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Sunday, Jul 03, 2022

Hong Kong police chief warns terror threat still ‘moderate’

Hong Kong police chief warns terror threat still ‘moderate’

Commissioner of Police Raymond Siu says the possibility of an attack exists, though there is no specific intelligence one is in the works.

The threat of a terrorist attack in Hong Kong remains “moderate”, although there is no specific intelligence that one is in the works, the city’s police chief has said.

Commissioner of Police Raymond Siu Chak-yee told a radio programme on Saturday that safeguarding national security would be one of the force’s main focuses for the coming year, while encouraging the public to inform authorities of any suspicious activities.

“Although the overall social situation has become calmer after the introduction of the national security law, we should not take it lightly,” he said.

“Many anti-China activists have not given up and are still determined to act, as they often make comments online to incite hatred or persuade others to commit serious offences. We must remain vigilant.”

Police investigate the scene where a lone assailant stabbed an officer before killing himself last year.

Siu said police had been strengthening their intelligence gathering over fears that terrorist attacks similar to ones seen overseas could take place in Hong Kong.

Last year, a man stabbed a police officer on a busy street in Causeway Bay, then turned the knife on himself on the 24th anniversary of Hong Kong’s return to Chinese rule.

Police characterised the act as a “lone-wolf terrorist attack”, saying the man had been radicalised by hate speech.

Four University of Hong Kong students were later charged with incitement and with advocating terrorism under the national security law for passing a motion in the student union council mourning the death of the assailant.

At least 14 people have since been arrested over incidents including petrol bombs being thrown at Government House in Central, online posts calling for attacks on police officers and an alleged plot threatening public spaces across the city.

Siu said police had been encouraging everyday Hongkongers to also do their part to prevent terrorism.

“We have staged more counterterror drills over last year. Besides the participation of our officers and other departments, we also included the general public,” he said.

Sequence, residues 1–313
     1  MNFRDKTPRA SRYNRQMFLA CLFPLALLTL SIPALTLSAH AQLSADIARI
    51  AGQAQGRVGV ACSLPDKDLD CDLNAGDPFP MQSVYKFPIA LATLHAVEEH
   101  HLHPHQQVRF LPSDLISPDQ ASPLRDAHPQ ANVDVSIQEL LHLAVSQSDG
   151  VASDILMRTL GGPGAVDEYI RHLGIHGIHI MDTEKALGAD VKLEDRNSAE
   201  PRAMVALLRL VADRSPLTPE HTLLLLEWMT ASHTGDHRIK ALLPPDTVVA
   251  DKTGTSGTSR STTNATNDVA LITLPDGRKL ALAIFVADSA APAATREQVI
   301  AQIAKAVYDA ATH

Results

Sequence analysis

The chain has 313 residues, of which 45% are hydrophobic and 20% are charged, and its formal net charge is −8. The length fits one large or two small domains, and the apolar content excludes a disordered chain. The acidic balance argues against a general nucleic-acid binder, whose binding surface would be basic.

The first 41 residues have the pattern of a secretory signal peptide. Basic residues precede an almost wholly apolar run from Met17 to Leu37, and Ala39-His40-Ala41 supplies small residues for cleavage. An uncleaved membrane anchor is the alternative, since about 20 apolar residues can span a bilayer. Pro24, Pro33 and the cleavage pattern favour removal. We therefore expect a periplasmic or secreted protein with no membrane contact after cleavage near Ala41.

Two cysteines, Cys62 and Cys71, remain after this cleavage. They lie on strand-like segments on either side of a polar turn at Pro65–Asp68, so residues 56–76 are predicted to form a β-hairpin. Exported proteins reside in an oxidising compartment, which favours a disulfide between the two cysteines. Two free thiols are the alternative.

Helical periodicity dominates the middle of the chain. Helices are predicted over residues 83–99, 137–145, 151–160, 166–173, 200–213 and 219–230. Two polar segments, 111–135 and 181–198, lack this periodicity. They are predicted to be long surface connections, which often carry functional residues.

“For example, we had invited security guards to the drills in shopping malls, as they also have to respond during such attacks.”

He added that authorities had been educating the public on how to identify and react to suspected bombs, and would continue to step up patrols of special forces and plain-clothes officers at major events and festivals.

Commenting on the closures of several media outlets last year, two of which had senior staff arrested and assets frozen under the national security law, Siu said the decisions to shut down were the organisations’ own. Police, he added, were merely enforcing laws against certain crimes, not against a specific industry or organisation.

Several outlets have since added a disclaimer to opinion columns in hopes of shielding themselves from prosecution, a gesture Siu characterised as “self-hypnosis”, saying it would be “meaningless” if they were found to have broken the law.

Siu also offered an update on the ongoing investigation into abuse at a local facility run by a child protection organisation. Police, he said, had so far been through half of some 60,000 hours of CCTV footage from the Hong Kong Society for the Protection of Children care home, where at least 35 children were believed to have been abused by its employees.

He said five officers were recently added to the team of 21 investigators to speed up the process in hopes of prosecuting the suspects within a month. Twenty staff from the society have already been arrested and charged.


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